Pump Sizing

Discussion in 'Geothermal Heat Pump Applications' started by Knarrly Viking, Aug 8, 2015.

  1. Knarrly Viking

    Knarrly Viking New Member

    So, I spent most of the day refreshing myself on Thermodynamics and Fluid Flow from my school days, to then do some ground loop calculations. I've done a couple whole-house load calcs, and I'm coming up with 22,000 to 26,000 BTUs heat loss for our county's 26F winter design temp. So, I've been sizing my ground loop for 3 tons to account for DHW that's not accounted for in the load calcs. With that my ground loop design:

    Soil type: Sand down to hardpan at 5 feet, where my loops will be.
    Soil Thermal Conductivity: 0.6 Btu/hr ft F (Annual rainfall = 70 in. almost all in the winter, and I'm putting infiltration trenches in-between the geo trenchs, so it could be greater than 1.0 at times)
    Loops: Four 800' loops of 3/4" HDPE, 8 pitch slinky in Four 100' long 3' wide trenches
    Design Ground Temp: 52F
    20% propylene glycol mix
    Design Loop Flow: 3.2 gal/min
    Pump Flow: 12.8 gal/min
    Loop Head Loss: 24.8 ft

    Now, I need to find a pump. What's the typical head loss in the manifolds and heat pump? I don't want the pump to be undersized because I'm getting pretty close to laminar flow in the loops.
  2. arkie6

    arkie6 Member Forum Leader

    Climatemaster has a pretty good loop pressure drop and pump sizing calculator that you can download here:


    For a 3 ton geothermal unit with closed loop, you should only need around 9 gpm (3 gpm/ton) at full capacity. That changes your loop flows to 2.25 gpm/loop which will reduce your loop head loss. The pressure drop across the unit heat exchanger would typically be around 8-10 ft head loss. The program above shows that 10 fittings = 2 ft head loss. This would include the fittings exiting the unit and in your loop manifold. I count every short 90 degree turn as a fitting, i.e. a 180 degree U-bend at the end of a vertical loop = 2 fittings. A long sweep in the return pipe to make a turn = actual ft of pipe. You need to count the fittings on both the supply and return side.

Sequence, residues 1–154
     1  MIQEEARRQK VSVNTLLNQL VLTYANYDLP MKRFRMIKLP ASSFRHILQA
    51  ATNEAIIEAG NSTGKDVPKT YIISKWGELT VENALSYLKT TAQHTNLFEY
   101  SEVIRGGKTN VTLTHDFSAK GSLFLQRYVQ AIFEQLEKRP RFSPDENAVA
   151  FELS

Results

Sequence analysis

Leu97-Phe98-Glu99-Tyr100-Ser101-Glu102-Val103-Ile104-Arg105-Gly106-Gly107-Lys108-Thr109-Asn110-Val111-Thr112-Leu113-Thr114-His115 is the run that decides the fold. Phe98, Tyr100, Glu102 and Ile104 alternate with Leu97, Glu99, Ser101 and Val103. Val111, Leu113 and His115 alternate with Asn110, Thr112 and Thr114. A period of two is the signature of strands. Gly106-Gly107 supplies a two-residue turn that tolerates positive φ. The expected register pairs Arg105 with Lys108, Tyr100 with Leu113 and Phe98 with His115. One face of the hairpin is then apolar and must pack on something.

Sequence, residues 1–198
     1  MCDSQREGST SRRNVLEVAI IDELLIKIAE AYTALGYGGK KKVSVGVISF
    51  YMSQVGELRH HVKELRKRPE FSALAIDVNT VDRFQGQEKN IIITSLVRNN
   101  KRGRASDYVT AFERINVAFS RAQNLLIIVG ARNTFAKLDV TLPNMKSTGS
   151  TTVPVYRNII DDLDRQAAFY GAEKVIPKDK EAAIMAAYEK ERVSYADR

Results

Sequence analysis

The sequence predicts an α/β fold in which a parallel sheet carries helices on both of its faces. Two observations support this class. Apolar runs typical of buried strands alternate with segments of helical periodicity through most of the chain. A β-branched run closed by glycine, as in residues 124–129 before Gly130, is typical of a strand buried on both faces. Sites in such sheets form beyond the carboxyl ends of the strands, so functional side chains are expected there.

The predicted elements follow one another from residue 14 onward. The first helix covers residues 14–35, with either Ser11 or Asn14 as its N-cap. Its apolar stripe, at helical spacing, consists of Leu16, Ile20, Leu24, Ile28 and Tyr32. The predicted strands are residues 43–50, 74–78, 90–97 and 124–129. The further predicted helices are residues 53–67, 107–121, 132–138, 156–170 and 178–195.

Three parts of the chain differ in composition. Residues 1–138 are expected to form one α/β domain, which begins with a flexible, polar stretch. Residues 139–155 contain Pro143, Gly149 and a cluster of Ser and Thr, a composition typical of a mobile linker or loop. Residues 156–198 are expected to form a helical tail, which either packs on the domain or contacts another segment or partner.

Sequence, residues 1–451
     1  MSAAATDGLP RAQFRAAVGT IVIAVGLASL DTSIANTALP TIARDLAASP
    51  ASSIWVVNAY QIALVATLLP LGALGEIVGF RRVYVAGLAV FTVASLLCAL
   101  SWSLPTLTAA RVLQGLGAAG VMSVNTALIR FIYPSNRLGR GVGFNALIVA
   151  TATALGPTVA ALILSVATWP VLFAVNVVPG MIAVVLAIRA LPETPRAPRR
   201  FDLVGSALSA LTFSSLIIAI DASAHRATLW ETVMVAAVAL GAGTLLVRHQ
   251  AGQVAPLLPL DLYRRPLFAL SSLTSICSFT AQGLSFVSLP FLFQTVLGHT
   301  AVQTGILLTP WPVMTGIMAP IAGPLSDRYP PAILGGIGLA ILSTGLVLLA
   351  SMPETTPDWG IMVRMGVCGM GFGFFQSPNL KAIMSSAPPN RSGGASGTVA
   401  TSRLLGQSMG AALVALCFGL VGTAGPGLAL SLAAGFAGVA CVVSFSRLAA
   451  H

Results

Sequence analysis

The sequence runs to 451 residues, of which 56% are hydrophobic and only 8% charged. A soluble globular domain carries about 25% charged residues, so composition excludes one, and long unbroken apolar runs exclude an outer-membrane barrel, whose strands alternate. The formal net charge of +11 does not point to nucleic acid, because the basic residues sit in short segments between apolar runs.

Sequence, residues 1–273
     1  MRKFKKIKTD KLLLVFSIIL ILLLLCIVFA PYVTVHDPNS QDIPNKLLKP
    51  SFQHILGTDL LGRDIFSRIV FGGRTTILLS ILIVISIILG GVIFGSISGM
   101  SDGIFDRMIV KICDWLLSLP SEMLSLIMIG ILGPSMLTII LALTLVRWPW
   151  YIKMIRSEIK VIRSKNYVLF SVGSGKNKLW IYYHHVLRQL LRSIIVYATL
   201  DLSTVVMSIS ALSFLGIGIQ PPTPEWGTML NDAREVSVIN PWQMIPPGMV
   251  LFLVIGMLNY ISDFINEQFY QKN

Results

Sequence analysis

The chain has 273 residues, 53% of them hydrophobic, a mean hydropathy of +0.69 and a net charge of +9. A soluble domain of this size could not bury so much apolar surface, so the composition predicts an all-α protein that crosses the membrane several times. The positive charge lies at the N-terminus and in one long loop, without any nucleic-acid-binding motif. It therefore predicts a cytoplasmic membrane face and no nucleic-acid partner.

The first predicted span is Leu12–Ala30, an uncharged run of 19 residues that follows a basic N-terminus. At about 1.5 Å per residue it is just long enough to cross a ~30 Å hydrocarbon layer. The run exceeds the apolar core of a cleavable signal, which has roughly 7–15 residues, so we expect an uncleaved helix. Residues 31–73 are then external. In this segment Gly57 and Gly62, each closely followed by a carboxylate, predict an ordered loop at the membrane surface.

Last edited: Aug 9, 2015
  3. docjenser

    docjenser Well-Known Member Industry Professional Forum Leader

    Grundfoss 26-99 should do the job. With 9 gpm, you are indeed in laminar flow territory. Especially with glycol. Using 20% Methanol would change that. I assume you meant 18" pitch, not 8".
  4. Knarrly Viking

    Knarrly Viking New Member

    By pitch I mean to say 8 feet of pipe per foot of trench. About 16" on-center spacing of the loops.
    Laminar flow in the 3/4" pipes is estimated at about 3.1 gal/min with 20% PG mix.
  5. arkie6

    arkie6 Member Forum Leader

    Rather than 4 loops of 3/4" x 800', have you considered 3 loops of 1" x 1000'? Both have ~3000' of pipe in the ground, but the 1"x 1000' loops have less head loss.

    Also, rather than 20% PG antifreeze, have you considered 15% Methanol? Both protect down to ~18F freeze point, but the Methanol results in less head loss and higher Reynolds Number.

    See attached sample run using a Climatemaster TE_038 with internal Magna 25-140 pump that I did with 4 loops of 3/4" x 800' pipe with 20% PG vs. 3 loops of 1" x 1000' pipe with 15% Methanol:

    Attached Files:

  6. heatoldhome

    heatoldhome Geo Student Forum Leader

    Methanol is much much cheaper also.
    $4 per gallon here at a race shop.
  7. docjenser

    docjenser Well-Known Member Industry Professional Forum Leader

    You are not getting into turbulent flow territory with 3.1 gal/min per circuit and 20%PG with 3/4" pipe. Roughly a Reynolds number of 1800.
  8. Jason Stuart

    Jason Stuart Banned

    These thermodynamics calculations quite helpful in developing infrastructure of a heat pump.
  9. This would help me decide to go with which heat pump. Thanks for these thermodynamics calculations.
  10. docjenser

    docjenser Well-Known Member Industry Professional Forum Leader

    Go with 18" OC, which are easy to accomplish with 36" diameter slinkies. This means an 18" pitch.

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